Green New Deal and its place in the history of progressive economic policy

November 10 2019

AustinUnited States


New Deal policies are “coming back”. This statement underlines two important aspects of the potential resurgence of progressive economic policy we witness today. First, the political and economic situation, though in many aspects different, showcases important similarities to that of the beginning of the 20th century. Second, although the current “Green New Deal” proposal addresses many issues absent from the original version, it holds on to the same principles. And although both of these statements carry a significant credibility, invite further scrutiny in the academic context. First, as a political label such as “Green New Deal” gains traction, it tends to create an impression of singularity, while there is a diversity of economic proposals that are attached to it. Furthermore, while New Deal policies have been recognised as the progressive economic policy package for today, this package is not the only existing option. To that extent, the field of progressive economic policy would greatly benefit from an exercise in historical mapping. In this pre-conference event, a group of senior and young scholars will discuss the Green New Deal and its historical significance.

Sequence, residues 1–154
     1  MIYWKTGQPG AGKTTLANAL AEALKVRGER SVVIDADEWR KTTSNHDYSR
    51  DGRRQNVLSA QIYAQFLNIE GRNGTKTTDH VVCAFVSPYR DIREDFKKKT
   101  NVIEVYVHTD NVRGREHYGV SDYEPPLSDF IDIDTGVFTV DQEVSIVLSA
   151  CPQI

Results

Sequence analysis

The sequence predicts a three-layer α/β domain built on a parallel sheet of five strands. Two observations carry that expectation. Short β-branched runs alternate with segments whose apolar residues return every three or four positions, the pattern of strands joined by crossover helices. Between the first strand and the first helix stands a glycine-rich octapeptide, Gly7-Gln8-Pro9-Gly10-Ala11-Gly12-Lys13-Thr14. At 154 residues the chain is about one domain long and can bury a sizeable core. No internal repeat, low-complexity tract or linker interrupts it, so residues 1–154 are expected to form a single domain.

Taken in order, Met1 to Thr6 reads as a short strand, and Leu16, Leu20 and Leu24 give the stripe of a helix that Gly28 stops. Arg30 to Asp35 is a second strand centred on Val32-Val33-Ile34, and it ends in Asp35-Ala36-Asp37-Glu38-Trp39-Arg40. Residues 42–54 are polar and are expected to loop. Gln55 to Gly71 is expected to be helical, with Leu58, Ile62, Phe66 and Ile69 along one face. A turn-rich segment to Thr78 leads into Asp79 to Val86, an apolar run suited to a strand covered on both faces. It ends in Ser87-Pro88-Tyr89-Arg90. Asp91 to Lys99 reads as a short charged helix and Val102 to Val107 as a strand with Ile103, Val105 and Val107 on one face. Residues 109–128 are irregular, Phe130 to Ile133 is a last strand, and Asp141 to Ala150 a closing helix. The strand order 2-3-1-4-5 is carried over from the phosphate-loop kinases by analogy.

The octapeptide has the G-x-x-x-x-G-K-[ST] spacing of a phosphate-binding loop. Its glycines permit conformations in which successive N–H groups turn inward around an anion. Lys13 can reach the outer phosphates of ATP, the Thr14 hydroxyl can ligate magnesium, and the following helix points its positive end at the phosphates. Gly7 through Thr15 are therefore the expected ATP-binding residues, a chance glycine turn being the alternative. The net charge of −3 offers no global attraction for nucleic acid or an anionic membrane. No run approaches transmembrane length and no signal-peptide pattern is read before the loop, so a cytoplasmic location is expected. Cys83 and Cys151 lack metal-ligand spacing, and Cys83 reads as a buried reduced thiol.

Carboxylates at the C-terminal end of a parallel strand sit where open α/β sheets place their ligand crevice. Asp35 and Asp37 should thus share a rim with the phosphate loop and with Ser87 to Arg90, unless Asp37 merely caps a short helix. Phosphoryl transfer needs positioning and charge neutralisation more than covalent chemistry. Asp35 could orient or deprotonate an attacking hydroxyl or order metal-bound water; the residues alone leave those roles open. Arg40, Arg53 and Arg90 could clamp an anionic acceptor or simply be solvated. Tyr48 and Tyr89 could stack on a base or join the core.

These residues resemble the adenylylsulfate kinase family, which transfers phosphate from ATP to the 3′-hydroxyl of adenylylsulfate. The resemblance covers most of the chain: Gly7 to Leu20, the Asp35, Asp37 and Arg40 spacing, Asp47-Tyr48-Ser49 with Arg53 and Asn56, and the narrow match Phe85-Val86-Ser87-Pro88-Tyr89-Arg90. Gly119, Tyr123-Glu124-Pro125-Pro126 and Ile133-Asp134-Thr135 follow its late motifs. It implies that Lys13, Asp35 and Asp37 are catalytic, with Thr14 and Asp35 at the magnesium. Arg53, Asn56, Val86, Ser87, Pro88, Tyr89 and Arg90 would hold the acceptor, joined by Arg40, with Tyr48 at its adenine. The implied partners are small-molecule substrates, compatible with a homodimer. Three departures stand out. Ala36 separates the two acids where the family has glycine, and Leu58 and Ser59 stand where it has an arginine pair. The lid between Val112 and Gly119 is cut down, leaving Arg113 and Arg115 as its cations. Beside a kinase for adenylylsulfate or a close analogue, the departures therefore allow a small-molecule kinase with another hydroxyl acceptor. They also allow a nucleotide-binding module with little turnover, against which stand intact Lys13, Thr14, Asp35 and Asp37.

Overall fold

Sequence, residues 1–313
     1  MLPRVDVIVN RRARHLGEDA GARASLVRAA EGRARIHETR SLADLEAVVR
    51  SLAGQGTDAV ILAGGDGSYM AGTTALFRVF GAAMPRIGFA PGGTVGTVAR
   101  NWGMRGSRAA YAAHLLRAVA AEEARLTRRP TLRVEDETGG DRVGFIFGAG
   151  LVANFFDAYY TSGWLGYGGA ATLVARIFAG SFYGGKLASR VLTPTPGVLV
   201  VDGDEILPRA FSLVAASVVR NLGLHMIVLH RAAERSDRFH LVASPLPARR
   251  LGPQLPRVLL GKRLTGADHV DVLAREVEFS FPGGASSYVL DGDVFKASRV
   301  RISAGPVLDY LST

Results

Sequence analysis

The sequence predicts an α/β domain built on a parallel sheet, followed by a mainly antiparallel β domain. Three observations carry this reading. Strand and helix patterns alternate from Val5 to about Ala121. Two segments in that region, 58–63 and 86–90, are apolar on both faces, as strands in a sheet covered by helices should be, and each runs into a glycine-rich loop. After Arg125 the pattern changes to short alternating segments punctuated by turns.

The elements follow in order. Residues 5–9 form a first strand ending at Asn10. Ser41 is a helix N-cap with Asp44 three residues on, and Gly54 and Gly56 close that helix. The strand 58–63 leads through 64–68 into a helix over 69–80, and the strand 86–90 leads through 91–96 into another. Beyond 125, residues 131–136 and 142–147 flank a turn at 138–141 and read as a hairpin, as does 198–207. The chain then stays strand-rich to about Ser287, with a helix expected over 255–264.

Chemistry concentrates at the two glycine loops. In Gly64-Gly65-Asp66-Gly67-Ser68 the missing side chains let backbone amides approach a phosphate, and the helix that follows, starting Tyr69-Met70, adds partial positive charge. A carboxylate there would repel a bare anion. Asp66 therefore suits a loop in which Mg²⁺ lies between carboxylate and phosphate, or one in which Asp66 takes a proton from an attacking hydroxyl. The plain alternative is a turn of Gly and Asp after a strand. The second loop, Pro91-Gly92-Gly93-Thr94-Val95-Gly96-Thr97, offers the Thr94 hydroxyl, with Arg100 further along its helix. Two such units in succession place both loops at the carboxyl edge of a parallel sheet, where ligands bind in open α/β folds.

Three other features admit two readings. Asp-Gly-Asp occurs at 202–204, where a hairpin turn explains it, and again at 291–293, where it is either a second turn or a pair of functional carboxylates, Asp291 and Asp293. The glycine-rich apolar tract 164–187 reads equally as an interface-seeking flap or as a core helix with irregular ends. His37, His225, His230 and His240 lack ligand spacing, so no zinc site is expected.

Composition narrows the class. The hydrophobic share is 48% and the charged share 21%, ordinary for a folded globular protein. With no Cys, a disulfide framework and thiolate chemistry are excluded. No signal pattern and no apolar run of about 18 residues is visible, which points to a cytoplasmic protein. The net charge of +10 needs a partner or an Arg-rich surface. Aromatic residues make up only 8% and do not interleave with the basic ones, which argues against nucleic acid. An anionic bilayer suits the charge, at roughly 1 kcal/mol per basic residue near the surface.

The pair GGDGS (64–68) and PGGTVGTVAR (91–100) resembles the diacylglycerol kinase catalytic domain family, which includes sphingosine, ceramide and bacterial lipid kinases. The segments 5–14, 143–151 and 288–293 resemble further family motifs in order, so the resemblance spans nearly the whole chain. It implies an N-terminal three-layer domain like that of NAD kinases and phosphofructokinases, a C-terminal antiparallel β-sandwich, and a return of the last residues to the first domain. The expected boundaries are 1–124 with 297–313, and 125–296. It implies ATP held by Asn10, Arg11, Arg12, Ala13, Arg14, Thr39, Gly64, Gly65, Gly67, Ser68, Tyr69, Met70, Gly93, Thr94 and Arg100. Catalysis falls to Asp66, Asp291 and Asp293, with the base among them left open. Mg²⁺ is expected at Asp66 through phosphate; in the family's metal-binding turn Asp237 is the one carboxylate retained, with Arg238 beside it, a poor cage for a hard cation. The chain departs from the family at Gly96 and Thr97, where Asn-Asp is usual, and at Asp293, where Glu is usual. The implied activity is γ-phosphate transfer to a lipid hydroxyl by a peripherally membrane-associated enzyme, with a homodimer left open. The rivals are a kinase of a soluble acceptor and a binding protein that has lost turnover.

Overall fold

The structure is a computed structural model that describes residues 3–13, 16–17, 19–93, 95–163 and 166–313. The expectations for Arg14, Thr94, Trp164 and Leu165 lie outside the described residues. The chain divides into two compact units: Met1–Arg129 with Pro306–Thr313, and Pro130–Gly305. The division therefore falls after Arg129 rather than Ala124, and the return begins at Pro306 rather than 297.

The goal of the preconference will be to open potential ways of approaching the subject that could be further pursued in the discussions during the conference itself.

Time & Date

Start: November 10 2019

End: November 10 2019

External Presenter

Thomas Ferguson


External Presenter

Robert Pollin


External Presenter

Michael Lind



AT&T Conference Center, The University of Texas at Austin,

University Avenue, Austin
Working groups
  • Finance, Law, and Economics
Project Organizers
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Aleksandar Stojanović

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Athullya Roytman

For questions, the Project Organizers.